It seems like, with every new performance I see from him, Stuhlbarg only impresses me more and more each time. Along with following our leads in just how naturally he plays the role of the endearingly supportive father, he manages to deliver the film’s coda with such underplayed sincerity that the audience should expect a sudden urge to weep intensely. Casar doesn’t bring as much intense emotional strength as the main cast, but her shows of quiet knowing of what’s going on around her through a few choice movements ends up adding a lot to this film’s overall approach to matters of the heart. She’s aware but not actively drawing attention to it. And then Garrel as Elio’s girlfriend rounds it off with rather comparable chemistry with Chalamet that he has with Hammer, the sweetness of which adds even more texture to what is a rather unfiltered depiction of love.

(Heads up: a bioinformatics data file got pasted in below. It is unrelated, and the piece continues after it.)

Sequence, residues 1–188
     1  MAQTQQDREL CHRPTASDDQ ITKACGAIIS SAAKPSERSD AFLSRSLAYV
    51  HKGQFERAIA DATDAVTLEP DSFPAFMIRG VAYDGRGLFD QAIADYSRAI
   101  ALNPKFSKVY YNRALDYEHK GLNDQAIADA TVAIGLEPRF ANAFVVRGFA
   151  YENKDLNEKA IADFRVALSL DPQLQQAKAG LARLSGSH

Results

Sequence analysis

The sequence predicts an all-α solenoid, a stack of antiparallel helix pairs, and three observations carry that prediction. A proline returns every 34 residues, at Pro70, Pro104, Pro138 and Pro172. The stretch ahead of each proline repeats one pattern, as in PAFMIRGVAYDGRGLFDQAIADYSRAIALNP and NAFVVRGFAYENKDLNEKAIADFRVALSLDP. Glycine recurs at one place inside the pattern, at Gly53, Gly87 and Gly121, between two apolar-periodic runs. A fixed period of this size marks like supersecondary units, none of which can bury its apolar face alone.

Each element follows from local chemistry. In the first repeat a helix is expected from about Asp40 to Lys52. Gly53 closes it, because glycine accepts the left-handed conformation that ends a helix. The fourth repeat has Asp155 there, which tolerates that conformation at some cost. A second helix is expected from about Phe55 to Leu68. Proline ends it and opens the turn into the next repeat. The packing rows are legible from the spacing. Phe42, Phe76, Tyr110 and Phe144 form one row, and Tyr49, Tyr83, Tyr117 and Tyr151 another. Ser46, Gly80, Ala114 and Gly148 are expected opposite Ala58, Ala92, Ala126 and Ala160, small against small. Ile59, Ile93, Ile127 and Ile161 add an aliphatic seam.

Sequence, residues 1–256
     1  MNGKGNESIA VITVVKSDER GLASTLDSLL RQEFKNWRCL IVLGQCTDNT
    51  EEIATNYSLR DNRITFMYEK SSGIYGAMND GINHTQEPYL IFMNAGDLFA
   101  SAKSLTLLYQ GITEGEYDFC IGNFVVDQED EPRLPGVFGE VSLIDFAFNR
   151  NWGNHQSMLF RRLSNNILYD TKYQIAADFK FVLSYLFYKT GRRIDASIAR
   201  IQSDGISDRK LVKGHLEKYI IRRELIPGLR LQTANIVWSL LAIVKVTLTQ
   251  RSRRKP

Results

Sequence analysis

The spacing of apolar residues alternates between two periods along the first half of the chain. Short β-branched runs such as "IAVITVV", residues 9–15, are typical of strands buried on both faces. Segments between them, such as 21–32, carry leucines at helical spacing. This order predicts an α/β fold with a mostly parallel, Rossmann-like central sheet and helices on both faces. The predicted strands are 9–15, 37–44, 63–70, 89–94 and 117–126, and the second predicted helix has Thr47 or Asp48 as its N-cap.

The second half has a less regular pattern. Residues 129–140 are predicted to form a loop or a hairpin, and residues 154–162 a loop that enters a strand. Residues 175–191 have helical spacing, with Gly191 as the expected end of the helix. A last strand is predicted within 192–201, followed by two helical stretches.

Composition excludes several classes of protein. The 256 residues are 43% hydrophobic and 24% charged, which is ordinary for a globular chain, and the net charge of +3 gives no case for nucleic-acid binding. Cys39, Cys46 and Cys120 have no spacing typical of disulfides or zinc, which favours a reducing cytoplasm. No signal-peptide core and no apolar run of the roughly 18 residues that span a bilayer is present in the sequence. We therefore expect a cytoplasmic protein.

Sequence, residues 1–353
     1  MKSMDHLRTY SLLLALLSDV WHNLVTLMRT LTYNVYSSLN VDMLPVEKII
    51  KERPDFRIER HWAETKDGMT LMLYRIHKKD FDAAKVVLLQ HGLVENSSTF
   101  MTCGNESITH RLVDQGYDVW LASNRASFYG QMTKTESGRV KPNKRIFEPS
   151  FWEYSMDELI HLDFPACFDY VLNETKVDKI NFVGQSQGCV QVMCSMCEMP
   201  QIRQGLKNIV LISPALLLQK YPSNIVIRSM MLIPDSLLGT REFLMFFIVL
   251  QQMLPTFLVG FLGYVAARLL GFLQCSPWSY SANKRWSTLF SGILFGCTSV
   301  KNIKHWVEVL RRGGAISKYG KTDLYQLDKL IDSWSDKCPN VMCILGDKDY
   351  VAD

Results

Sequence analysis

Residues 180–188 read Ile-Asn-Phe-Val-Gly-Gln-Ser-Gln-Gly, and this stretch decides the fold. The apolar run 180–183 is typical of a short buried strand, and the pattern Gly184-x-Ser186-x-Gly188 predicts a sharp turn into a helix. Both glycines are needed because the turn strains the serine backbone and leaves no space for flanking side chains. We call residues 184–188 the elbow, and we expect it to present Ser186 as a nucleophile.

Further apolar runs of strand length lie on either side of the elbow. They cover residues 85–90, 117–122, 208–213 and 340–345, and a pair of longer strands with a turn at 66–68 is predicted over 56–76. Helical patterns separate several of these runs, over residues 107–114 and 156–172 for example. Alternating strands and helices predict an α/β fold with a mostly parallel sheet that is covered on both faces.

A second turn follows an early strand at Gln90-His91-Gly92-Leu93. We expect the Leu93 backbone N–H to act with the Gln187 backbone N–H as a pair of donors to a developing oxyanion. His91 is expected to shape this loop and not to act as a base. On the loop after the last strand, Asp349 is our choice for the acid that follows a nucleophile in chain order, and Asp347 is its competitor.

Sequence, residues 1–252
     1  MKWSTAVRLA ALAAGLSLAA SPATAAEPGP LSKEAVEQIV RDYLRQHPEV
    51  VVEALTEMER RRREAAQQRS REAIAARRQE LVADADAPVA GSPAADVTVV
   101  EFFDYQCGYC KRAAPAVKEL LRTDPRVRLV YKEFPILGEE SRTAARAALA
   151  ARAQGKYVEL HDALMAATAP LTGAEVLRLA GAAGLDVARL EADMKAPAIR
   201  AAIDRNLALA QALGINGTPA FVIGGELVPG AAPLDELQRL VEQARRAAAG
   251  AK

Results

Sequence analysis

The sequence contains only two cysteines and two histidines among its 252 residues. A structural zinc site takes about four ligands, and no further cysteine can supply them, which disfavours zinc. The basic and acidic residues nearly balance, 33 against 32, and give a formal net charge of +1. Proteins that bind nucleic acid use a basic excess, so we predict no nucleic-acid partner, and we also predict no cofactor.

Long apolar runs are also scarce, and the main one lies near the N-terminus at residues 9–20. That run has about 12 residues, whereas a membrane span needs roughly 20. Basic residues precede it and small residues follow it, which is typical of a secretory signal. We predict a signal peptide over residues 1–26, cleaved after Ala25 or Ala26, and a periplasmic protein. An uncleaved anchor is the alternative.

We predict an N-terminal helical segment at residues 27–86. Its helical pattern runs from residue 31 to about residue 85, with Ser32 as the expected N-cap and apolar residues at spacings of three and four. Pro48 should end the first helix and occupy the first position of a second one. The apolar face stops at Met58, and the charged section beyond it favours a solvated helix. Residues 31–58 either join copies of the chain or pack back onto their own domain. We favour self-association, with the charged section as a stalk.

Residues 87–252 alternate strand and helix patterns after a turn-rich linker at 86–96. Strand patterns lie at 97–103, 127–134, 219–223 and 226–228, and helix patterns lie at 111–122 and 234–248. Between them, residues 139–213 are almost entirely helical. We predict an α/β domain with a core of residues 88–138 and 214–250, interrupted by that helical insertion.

I feel the need to address something before getting into the rest of the film. Given my soapboxing regarding the latest Woody Allen film, and this being a story about a 17-year-old falling in love with a much older man, there’s something niggling at me that says I shouldn’t approve of this. And indeed, some other critics have found issue with it as well, with negative takes ranging from troubling to an example of grooming to being comparable to Harvey bloody Weinstein. I would normally bring up cultural differences, like the varying ages of consent between different countries (In Italy, it’s 14; here in Australia, it’s 16; and in the United States, it ranges from 16 to 18 depending on state), but that feels kind of pointless when the film actively tries to blur cultural lines this much. It’s a melange of artistic and cultural interpretations of love and humanity in general, with French, Italian and American sensibilities all thrown in together with an avid appreciation for sculpture, music and writing.